Jack shook his hand and smiled at the woman at his side; it was easy to see that in her youth, Sarah Jane had been truly beautiful. “Jack Smith and this is my brother John.” John nodded his greeting.
After wrapping his arm around Sarah Jane’s shoulder, Alistair asked, “So how do you boys know the groom?”
‘Shit!’ Jack hadn’t thought of an answer to that. “Oh, we’re… Uncle James’ kids.”
Alistair and Sarah Jane blinked. “Uncle James? Is he Diane’s brother?” Sarah Jane asked softly, leaning in close to her husband’s ear.
“Yeah… Diane’s brother.” Jack lied as he scrambled through his memory trying to remember who Diane was.
Alistair grinned at that. “Great. How is everybody?” He asked.
“Dad’s fine. Aunt Diane sends her best. She couldn’t make it.” Jack rambled on, relieved he hadn’t screwed up.
A look was exchanged between the older couple as Alistair pointed out quietly. “I know, she’s dead.”
Rolling his eyes, John leaned over; this wasn’t the first time he has had to do this. “She sends her best from beyond the grave. We’ve become very spiritual.” He watched the man’s eyebrows briefly disappear into his hairline.
“I see,” Alistair murmured under his breath before his and Sarah Jane’s attention was drawn away by another wedding guest.
With a scowl on his face John growled lowly at Jack. “How many times are you gonna do this? If you’re going to commit to a relative, be sure you know whether or not they have a pulse.”
Before Jack could defend himself, the groom came out to the altar. The guests all turned to look expectantly at the back of the church. John and Jack catch sight of a groomsman escorting a rather regal-looking elderly woman to her seat; there is no doubt in their minds that this is Sylvia Saxon, the grandmother of the bride and the matriarch of the Saxon family. Next, two groomsmen walk the mother of the bride, Gwen Saxon, to her seat. She had the glow of someone who had been drinking… every day for the last twenty-five years.
An adorable little flower girl in a big poofy dress walked up the aisle next, concentrating hard on what she’s supposed to be doing. Jack could see her lips moving as she took two deliberate steps, paused and carefully tossed a few flowers petals at her feet. As she got closer to him, he could hear her, “Step, step, throw. Step, step, throw,” and she repeated this she reached the altar.
The entire congregation watched her face light up with a proud smile as she took a look back up the aisle at her handiwork. Then a quick glance into her basket made her realise that she still had a lot of petals left and her smile turned into a frown. Jack had to bite the inside of his mouth when he saw her do what was clearly the only thing she could think of; she turned her basket upside down and let the remaining flowers fall onto the floor in a little pile. Now satisfied, she happily skipped over to her seat in the first row.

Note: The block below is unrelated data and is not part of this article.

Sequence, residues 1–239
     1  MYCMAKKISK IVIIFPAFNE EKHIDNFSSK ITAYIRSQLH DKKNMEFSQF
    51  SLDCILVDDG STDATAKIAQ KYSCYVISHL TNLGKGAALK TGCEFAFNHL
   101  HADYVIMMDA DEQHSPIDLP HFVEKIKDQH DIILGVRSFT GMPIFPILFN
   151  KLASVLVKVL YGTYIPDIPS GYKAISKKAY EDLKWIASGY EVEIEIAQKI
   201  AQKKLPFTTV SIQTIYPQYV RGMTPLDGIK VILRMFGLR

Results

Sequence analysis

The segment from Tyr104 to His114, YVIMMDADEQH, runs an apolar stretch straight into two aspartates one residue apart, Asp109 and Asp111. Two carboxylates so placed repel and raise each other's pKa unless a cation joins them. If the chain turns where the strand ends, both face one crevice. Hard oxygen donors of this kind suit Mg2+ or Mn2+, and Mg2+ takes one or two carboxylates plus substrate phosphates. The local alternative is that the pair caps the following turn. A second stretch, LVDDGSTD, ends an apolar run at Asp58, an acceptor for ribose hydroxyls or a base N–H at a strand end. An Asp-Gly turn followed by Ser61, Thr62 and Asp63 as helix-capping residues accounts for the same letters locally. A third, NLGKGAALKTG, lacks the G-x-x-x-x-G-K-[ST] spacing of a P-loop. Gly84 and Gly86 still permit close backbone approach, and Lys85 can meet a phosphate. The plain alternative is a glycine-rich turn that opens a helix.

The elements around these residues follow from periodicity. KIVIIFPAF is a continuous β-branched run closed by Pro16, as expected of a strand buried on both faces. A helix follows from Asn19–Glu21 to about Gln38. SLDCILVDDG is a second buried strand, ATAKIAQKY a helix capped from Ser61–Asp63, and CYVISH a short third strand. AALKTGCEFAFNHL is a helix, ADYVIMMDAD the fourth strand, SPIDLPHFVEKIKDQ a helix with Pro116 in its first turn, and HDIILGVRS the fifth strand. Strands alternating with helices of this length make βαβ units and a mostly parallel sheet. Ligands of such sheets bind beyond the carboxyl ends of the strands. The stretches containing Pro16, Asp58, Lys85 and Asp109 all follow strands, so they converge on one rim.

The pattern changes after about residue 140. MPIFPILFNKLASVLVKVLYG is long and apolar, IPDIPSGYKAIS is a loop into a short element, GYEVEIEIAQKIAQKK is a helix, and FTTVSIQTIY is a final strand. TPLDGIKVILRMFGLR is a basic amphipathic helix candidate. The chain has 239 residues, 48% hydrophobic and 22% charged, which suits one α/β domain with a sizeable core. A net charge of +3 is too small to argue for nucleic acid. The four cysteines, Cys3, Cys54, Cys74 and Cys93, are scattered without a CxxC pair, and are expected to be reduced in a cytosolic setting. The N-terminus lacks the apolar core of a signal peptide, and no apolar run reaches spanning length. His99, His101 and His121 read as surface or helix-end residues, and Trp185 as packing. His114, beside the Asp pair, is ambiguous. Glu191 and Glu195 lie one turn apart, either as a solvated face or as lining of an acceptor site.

Next, because the bride refused to have anyone but her brothers on her side of the wedding party, there were only groomsmen to precede her down the aisle; the only other woman in the bridal party was bride’s older adopted sister, Toshiko Sato-Saxon. As the maid of honour walked down the aisle, John was blown away by how innocent the eldest of the Saxon children seems to be.
It took him a moment to find his voice. “Hello!” John whispered before nudging Jack in the ribs. “Dibs,” he hissed quietly, laying claim to his newest conquest.
Jack smiled and shook his head. “All yours, my friend.”
Next down the aisle was the bride’s best man and the youngest brother, Ianto, and suddenly Jack forgot how to breathe as he laid eyes on the gorgeous man. As soon as Ianto reached the altar, a String Quartet began playing the familiar strains of Wagner’s wedding march, ‘Here Comes the Bride.’ It took all of Jack’s willpower to tear his eyes from Ianto and pay attention to the bride.
Harold Saxon, beaming with all the pride of a happy father, walked his daughter, Ace, down the aisle. Despite her chosen career as UNIT’s top demolitions expert, Ace Saxon was the epitome of elegance and femininity as she glided gracefully towards her husband-to-be.
Jack leaned in close to John. “Think we got a crier?” he asked, prepared to make their usual wager on how far into the ceremony the bride would start weeping.
John snorted. “Ace Saxon, cry? The woman blows things up for a hobby! I very much doubt she’ll shed a single tear.” And Jack had to agree his friend was more than likely right. “Now the groom, on the other hand…”
A little later into the wedding, Jack and John were bored like crazy. The priest, Rhys Williams, who was conducting the very lengthy traditional Catholic service, announced “Now, for our next reading, I’d like to invite the bride’s sister, Tosh, up to the lectern.”